To prevent a user from changing a cell’s content, like a cell holding a critical formula, we must execute a two-step process.
- Flag the cell as either a locked or unlocked
- Engage protection on the sheet.
When we perform the second step, protecting the sheet, any cell flagged as a locked cell will be protected from unwanted changes.
If we skip the first step, then all cells are flagged as locked by default. The entire sheet will be placed in a read-only mode when engaging sheet protection.
Attempting to change a protected cell’s contents will reveal the following message.
If we don’t want the entire sheet protected, we’ll need to “punch some holes” in our protective wall.
Step 1: Setting the Cell’s Protection Status
To set the status of a cell as either locked or unlocked we need to access the cell’s formatting controls.
Highlight a cell or multiple cells, then right-click a selected cell and click Format Cells… . (You can also press CTRL-1 to open the needed dialog box.)
In the Format Cells dialog box, select the Protection tab. This will display the “Locked” property for the selected cell.
Placing a check will ensure the cell is locked when sheet protection is engaged.
Clearing the checkbox will ensure that the cell can be freely changed while protecting the remainder of the sheet’s cells.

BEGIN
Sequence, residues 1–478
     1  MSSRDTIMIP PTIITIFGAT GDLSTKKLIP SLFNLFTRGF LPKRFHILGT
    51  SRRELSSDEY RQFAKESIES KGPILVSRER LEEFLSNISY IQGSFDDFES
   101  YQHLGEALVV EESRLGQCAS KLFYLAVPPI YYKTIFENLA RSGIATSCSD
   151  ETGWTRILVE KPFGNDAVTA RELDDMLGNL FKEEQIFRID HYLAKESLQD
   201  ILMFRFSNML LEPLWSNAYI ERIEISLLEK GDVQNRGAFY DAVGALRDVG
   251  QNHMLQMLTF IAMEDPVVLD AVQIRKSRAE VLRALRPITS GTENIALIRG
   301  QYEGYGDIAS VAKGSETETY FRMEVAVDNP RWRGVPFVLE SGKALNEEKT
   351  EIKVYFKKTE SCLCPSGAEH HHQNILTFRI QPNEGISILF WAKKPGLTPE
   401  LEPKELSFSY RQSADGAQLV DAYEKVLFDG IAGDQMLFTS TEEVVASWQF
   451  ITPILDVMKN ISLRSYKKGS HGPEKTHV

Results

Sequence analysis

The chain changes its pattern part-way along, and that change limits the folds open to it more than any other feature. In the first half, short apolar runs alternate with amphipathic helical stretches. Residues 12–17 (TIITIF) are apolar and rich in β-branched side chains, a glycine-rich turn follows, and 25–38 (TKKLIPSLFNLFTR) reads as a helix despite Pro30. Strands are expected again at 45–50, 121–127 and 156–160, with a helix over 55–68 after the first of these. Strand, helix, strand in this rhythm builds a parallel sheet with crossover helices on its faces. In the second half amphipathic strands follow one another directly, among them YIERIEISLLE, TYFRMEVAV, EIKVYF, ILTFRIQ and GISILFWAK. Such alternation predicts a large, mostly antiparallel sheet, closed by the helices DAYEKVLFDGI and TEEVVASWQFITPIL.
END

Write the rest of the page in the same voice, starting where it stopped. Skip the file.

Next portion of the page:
NOTE: If you see a filled checkbox like below, it means that you have selected two or more cells that have a mixture of locked and unlocked states.
Many beginning users assume (and we know what happens when you assume) that just by checking the “Locked” box they have protected the cell from changes. This is incorrect.
You must perform the next step for protection to be enforced. All you have done here is tell Excel which cells to protect when performing the next step.
Step 2: Engaging Sheet Protection
Once you have decided which cells will be protected and which cells will remain open to changes, engage sheet protection by selecting Review (tab) -> Protect (group) -> Protect Sheet.
A Protect Sheet dialog box appears asking for a password to unlock the sheet.
Protecting a sheet with a password is optional, but it’s a good way to keep a semi-literate Excel user from removing the sheet protection and making mischief with your file.
After you click OK, the sheet is now protected from unwanted changes in the entire spreadsheet while allowing changes to defined areas (i.e., exceptions).